We continue to be bombarded with scientific articles, detailing new modifiers and new treatments for Alzheimer’s disease: most of these are ineffective, but some reports do contain a hint of a possible solution.
The latest effort is entitled “ALZ-801 for 2 years sustained cognition in early Alzheimer’s: no safety issues seen in a 2 year long, Phase 2 trial of Alzheon’s oral therapy”, posted by Steve Bryson, PhD, in “Alzheimer’s news today”, on 22 September, 2023.
This report describes a Phase 2 clinical trial (NCT04693520), designed to evaluate the two-year safety and efficacy of daily ALZ-801 in 84 adults with early Alzheimer’s who had either one or two copies of APOE4 and who tested positive for amyloid and tau biomarkers in their cerebrospinal fluid (CSF, the liquid surrounding the brain and spinal cord).
The investigators achieved a reduction of serum beta-amyloid and tau by 4%, with slowing of shrinkage of the hippocampus (by 28%) and a significantly reduced rate of cognitive decline.
This is encouraging news for people with early Alzheimer’s disease. However from a metabolic medicine/hormonal balance point of view there is, as I said in my last post, an elephant in the room. That elephant is a fact of which we are all aware: Alzheimer’s disease develops over several decades and may be slowed (perhaps, stopped), but not reversed. Therefore, it makes better sense to concentrate on prevention, diagnosis-at-onset and really early treatment, rather than cure of an entrenched, progressive disease.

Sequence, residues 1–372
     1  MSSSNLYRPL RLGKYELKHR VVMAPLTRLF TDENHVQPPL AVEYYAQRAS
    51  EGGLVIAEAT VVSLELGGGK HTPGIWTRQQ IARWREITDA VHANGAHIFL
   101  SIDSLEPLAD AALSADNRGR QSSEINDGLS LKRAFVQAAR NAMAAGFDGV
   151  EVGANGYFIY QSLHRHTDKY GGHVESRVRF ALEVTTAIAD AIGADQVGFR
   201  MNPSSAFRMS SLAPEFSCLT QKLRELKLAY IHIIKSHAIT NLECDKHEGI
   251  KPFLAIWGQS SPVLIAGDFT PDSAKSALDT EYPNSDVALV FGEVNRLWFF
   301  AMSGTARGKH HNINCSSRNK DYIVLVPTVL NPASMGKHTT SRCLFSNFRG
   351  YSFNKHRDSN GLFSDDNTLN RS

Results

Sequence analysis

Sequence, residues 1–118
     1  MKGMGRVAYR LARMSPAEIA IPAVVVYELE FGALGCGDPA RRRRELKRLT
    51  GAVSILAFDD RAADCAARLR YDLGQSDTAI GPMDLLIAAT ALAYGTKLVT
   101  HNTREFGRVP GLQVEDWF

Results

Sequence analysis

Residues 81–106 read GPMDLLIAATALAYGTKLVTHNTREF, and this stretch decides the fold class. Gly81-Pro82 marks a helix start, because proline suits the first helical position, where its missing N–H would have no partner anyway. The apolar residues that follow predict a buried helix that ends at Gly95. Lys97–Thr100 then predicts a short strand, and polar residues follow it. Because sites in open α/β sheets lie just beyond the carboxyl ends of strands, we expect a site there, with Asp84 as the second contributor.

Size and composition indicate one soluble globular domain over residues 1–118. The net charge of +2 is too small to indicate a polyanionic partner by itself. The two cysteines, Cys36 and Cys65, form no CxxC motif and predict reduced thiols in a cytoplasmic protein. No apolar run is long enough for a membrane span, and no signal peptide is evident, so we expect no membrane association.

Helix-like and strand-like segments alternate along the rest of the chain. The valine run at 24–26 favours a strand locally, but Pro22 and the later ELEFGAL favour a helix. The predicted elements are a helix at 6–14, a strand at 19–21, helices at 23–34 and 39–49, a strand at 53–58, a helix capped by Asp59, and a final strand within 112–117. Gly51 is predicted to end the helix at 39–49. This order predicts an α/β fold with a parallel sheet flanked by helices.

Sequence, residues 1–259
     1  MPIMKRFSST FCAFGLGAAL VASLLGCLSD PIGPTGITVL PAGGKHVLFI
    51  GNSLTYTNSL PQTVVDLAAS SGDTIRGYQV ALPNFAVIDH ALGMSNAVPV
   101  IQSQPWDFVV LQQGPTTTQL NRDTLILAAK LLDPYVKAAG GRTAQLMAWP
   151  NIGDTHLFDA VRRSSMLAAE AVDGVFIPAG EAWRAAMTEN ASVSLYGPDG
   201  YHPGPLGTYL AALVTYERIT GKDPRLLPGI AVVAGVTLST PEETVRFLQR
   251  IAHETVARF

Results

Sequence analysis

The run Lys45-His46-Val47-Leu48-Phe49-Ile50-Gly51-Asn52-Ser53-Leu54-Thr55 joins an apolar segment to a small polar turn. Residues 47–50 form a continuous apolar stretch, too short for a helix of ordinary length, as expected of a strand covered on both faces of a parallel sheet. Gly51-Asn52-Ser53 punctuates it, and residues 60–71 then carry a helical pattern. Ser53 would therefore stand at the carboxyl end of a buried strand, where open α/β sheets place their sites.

“Yes”, you say, “but how can you prevent Alzheimer’s, when you have no idea as to its cause?” – My answer is that there is a putative cause, since
(1) Alzheimer’s is due to degeneration of neurons and
(2) Our maintenance and repair systems, dependent as they are on hormonal balance, as well as adequate mineral and vitamin availability, begin to decline at age 26 as hormone production slows and vitamin/mineral deficiencies develop.
The continuous decline of hormone secretion beginning at age 26, and deficiency of essential mineral and vitamin intake, are easily observed and well known. We have good scientific reason to supplement our failing hormones, vitamins and minerals. If Alzheimer’s is actually due to deterioration of our maintenance systems as hormone production declines, essential dietary and hormone supplementation might reduce its incidence or at least, delay its onset.
Surveillance and supplementation
I therefore propose that we should proactively assess each individual’s hormone balance on an ongoing basis and supplement their hormones and their diet ad hoc, while monitoring the blood for tau and beta-amyloid. If this is done, we could observe whether hormone supplementation delays the onset of Alzheimer’s disease. Also, those who become tau and beta-amyloid positive would be available for studies of new treatments for Alzheimer’s, such as Dr. Bryson’s, at the onset of their disease.